Eye For Film >> Movies >> Taxi Driver (1976) Film Review
Reviewed by: Jennie Kermode
"One day a rain will come and wash all the scum off the streets."
Throughout the history of cinema's encounters with the dark side of the American psyche, there has never been anyone quite like Travis Bickle. And yet Travis is an everyman, a nobody; we meet people with similar backgrounds and similar views all the time. He's a former soldier, honourably discharged, bearing scars of the sort polite people don't ask about. He's out of work, he can't sleep, so he spends his days in porn cinemas and takes up a job as a taxi driver by night. This brings him into contact with the city at its ugliest. It's New York, and it's every city, Scorsese has said. Travis is seething with prejudice and paranoia. The city feeds his fury. Something is growing inside him, something dangerous.
In many ways Taxi Driver is the last of the great films noirs, crossing over into cinema verité without sacrificing either style or tone. Perhaps Travis is a fall guy looking for a femme fatale, but Betsy (Cybill Shepherd), the object of his desires, is revolted by his bleak existence. Hers is a world off hope, of joyous optimism, as she campaigns passionately for would-be senator Charles Palantine (Leonard Harris). Here is a Kennedy figure, an icon of the American Dream, a figure who almost reaches Travis too, but not quite; and when he can't fulfil his promise, again that anger grows. Enter Iris (Jodie Foster), whose profession as a prostitute makes her the perfect icon of helplessness, whose youth (she is only ten) makes it easy for Travis to project onto her pretty much anything he likes. Obsessed with saving her, he gradually loses sight of everything else, including himself.
This is an extraordinary film. De Niro in the central role delivers one of those powerhouse performances that simply blows the audience away. Travis is somebody we know; Travis has always been here. It's impossible to wake up and imagine a world before this happened. But the rest of the film is spot on, too. In places the cinematography uses only natural light; we're soaked in the darkness of this world, ever alert to possible danger, shifts of mood, like Travis cautiously watching his rear view mirror. At times we're not quite sure what is or isn't real, sharing the heady experience of prolonged insomnia. The score hisses, creaks and thunders, catching us by surprise. Like Travis' moods, able to shift at a moment's notice. Charming, then terrifying. Hope, then desolation.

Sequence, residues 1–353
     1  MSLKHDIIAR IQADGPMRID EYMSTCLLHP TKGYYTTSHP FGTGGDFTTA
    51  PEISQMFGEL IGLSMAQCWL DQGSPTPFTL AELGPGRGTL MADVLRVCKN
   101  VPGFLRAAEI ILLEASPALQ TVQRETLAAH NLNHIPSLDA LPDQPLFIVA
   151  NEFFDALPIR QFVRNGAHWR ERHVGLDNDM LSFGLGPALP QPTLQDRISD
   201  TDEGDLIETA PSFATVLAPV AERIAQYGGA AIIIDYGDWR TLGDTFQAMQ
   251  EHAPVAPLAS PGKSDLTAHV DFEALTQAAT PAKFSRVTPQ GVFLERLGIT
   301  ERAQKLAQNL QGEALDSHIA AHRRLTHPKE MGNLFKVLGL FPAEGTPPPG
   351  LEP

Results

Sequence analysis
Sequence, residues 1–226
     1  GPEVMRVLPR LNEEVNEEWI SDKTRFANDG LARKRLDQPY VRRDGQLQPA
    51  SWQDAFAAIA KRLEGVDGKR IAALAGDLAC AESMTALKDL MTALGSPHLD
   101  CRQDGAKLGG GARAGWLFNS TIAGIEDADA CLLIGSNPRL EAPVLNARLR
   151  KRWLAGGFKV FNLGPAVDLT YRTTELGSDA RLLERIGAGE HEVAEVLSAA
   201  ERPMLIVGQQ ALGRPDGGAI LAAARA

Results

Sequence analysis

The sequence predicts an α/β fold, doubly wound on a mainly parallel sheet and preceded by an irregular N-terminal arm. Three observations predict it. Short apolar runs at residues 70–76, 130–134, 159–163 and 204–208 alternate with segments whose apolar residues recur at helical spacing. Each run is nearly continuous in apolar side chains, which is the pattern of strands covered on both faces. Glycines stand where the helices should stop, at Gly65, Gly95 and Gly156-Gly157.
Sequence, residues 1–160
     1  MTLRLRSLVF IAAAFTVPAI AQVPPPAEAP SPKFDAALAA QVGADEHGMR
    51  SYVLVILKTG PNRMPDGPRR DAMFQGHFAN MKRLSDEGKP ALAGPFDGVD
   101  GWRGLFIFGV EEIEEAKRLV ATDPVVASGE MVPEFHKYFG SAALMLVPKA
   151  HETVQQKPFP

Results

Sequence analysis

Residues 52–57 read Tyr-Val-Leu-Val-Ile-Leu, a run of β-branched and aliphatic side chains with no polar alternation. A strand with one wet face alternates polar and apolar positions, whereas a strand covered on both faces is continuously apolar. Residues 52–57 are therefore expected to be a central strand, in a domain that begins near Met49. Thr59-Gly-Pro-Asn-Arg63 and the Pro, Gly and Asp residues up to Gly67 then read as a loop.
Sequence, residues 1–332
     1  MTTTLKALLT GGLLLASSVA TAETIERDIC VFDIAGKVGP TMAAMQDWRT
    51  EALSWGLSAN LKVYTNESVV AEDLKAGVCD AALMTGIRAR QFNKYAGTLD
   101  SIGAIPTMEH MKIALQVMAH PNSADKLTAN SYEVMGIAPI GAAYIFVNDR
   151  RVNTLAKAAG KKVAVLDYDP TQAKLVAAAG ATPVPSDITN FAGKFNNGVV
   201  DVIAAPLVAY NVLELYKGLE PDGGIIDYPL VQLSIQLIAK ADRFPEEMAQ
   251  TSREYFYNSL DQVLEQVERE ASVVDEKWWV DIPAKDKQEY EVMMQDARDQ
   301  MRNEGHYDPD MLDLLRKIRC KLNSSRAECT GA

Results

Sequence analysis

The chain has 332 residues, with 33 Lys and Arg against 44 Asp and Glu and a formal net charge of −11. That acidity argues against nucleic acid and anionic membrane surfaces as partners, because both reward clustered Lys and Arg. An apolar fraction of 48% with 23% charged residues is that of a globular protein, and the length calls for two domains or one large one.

The supporting cast are superb. Foster excels in the difficult role of Iris (she was 13 at the time) and makes her a convincing human being even when seen through Travis' distorted gaze. Like everybody here, she has her own agenda. Harvey Keitel gets minimal screentime as her brutal pimp but leaves quite an impression. Harris is perfectly slick. Peter Boyle, as fellow taxi driver Wizard, seems to live and breathe the resentment that only Travis can turn into action.
Taxi Driver is probably the only film that can claim to have inspired the attempted assassination of a president. Whilst that's hardly something its creators are pleased about, it is a measure of its force. Now beautifully restored and as relevant as ever, it's a must see.Reviewed on: 13 May 2011